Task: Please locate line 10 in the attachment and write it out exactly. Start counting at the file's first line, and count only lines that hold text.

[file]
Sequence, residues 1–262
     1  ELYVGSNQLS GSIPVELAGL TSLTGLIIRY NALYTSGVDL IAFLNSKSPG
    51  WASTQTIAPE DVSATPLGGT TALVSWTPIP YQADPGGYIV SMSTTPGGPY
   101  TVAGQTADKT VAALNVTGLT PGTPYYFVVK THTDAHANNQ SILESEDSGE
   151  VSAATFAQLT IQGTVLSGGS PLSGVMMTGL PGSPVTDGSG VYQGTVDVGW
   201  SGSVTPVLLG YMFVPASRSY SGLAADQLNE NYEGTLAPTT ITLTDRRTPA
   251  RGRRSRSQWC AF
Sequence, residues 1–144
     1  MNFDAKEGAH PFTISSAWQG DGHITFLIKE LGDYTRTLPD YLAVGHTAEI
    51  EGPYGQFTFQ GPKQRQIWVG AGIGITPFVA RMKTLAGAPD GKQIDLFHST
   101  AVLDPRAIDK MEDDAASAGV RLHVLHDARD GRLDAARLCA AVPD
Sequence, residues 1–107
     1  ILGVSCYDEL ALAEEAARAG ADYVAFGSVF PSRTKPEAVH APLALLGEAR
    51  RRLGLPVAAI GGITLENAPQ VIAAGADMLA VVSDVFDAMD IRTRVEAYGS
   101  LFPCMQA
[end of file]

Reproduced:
    51  EGPYGQFTFQ GPKQRQIWVG AGIGITPFVA RMKTLAGAPD GKQIDLFHST